A former British soldier who has been trying to evacuate 400 Afghans was reportedly arrested by the Taliban on Thursday and thrown in prison, where he was questioned about his female staffers at a Kabul business.
Ben Slater, a former member of the Royal Military Police who now runs the Nomad Concepts Group, has traveled hundreds of miles in an effort to evacuate the nationals after claiming the UK failed to approve visas during the airlift from Kabul, Sky News reported.
He told the outlet that he has already managed to get 67 people out of the Taliban-controlled country.
But after the failed bid to get his workers and their families seats on a plane, the 37-year-old Slater spent two days at a hotel near the border, the Telegraph reported.
Slater on Thursday morning was imprisoned by the Taliban and interrogated about members of his staff, many of whom are single women staying at the hotel without their husbands, according to the outlet.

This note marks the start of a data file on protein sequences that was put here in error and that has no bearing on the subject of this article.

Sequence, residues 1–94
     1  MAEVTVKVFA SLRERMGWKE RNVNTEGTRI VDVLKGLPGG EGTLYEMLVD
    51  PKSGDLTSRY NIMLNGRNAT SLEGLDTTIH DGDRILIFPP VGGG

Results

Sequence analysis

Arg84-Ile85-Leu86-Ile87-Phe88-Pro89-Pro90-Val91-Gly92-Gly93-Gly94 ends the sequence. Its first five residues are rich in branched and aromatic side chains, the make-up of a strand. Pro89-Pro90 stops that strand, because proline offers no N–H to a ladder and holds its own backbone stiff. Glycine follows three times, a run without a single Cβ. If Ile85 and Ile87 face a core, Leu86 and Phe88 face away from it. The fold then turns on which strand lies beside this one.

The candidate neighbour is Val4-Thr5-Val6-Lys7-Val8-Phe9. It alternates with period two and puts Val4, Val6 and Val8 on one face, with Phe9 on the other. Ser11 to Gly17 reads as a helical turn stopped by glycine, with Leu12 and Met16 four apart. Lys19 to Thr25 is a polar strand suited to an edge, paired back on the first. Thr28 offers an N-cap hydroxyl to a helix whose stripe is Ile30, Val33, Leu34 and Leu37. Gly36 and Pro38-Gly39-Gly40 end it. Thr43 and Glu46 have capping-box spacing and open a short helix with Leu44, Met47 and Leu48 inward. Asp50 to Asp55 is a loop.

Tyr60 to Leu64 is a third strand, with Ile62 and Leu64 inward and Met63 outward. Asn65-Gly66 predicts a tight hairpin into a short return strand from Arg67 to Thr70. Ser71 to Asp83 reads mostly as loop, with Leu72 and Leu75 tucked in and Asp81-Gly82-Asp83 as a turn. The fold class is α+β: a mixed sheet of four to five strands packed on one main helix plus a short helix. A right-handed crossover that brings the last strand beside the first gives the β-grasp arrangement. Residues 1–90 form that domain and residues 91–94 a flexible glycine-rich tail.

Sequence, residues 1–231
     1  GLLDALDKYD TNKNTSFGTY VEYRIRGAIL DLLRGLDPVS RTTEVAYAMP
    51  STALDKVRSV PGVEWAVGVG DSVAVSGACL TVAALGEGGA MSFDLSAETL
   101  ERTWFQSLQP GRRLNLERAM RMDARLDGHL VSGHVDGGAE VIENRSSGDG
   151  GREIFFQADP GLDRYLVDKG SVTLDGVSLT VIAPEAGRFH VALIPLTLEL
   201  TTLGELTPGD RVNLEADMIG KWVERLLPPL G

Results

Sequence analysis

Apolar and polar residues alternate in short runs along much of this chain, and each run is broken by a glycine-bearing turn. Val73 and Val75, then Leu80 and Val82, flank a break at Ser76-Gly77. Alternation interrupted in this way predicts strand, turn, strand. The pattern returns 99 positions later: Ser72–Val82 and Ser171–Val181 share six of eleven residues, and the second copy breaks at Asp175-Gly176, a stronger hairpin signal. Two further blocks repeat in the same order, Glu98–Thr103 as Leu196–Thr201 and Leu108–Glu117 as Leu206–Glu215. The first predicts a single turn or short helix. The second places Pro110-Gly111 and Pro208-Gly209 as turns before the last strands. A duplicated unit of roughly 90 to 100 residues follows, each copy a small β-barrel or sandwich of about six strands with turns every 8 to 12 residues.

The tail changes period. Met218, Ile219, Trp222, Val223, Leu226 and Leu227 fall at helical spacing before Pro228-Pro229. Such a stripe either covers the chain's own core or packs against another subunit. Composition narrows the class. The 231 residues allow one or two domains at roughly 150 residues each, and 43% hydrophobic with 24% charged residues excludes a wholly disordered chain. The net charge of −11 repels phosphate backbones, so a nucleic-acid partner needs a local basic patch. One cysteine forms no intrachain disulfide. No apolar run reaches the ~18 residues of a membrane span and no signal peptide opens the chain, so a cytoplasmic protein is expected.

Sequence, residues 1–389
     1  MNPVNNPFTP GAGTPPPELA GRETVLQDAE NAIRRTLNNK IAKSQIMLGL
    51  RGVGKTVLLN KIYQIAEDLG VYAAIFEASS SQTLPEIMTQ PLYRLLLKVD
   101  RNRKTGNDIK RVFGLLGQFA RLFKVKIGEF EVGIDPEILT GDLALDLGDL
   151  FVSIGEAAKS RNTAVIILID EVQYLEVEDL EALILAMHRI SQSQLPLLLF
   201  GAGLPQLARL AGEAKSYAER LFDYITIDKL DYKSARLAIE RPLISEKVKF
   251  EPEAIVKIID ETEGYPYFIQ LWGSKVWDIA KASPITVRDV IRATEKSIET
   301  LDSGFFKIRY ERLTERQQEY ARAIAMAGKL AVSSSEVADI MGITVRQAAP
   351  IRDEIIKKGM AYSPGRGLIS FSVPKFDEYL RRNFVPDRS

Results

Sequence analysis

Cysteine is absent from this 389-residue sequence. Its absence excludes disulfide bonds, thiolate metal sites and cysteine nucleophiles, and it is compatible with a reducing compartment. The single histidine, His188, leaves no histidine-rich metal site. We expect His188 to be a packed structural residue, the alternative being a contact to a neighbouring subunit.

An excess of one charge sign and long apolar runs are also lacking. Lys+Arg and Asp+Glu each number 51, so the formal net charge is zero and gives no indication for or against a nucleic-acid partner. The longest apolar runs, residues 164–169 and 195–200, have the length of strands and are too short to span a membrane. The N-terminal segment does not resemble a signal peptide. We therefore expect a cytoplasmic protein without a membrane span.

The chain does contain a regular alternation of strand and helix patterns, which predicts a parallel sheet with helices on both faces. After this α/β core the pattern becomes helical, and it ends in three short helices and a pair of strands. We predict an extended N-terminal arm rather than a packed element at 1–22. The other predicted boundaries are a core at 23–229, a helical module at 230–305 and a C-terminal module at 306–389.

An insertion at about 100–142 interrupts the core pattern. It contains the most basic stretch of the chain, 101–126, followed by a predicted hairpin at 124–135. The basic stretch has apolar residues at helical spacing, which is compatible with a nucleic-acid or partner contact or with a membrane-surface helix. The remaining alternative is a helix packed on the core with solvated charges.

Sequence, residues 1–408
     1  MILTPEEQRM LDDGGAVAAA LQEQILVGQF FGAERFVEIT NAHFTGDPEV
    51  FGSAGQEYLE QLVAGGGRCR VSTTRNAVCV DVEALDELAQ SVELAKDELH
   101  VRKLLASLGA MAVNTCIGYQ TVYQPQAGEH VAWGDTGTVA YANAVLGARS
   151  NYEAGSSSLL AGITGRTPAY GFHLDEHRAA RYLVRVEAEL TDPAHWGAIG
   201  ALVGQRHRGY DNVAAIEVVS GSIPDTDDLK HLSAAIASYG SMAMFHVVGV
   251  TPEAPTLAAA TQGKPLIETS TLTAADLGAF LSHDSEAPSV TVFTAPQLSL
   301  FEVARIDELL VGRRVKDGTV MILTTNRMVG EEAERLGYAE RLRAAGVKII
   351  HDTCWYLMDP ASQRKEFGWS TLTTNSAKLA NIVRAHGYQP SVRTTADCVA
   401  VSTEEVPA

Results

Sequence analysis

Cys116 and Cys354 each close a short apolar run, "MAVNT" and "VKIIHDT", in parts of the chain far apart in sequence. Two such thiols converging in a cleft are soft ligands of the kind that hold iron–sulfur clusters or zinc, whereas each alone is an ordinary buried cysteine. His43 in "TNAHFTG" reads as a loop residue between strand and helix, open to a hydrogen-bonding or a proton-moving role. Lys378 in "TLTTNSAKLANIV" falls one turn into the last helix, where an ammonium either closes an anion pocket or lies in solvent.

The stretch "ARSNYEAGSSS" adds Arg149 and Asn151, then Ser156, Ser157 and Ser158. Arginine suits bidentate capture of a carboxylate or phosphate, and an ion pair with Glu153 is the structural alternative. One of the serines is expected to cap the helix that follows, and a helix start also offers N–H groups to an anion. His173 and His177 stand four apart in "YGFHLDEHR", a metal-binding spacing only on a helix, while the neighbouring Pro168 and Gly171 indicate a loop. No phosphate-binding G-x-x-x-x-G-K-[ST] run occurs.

He was later released and allowed to cross the border with one assistant, but was told that the rest of the people would have to return to the Afghan capital because they have no exit visas.
Slater told the Telegraph that he will continue to try and secure visas for them and called for help from the UK’s Foreign, Commonwealth and Development Office and Home Office.
“The final blow to the op is that the UK are only granting myself and one of my executive assistants over the border today, and they haven’t even suggested they are going to issue the visas for some or the rest of my group,” he told the paper.
“It’s a complete disaster really. It’s disgusting. It’s beyond horrible,” Slater added.
Earlier, he told Sky News that his business “completely collapsed” after the Taliban takeover and that he focused his attention to helping people escape.
“We were obviously helping a lot of people evacuate, we managed to get 67 people out through requests because we were in the country, and then obviously we changed our decision to evacuate our own vulnerable staff, who were mainly women working in the sectors that are not too popular with the new regime,” Slater told the outlet.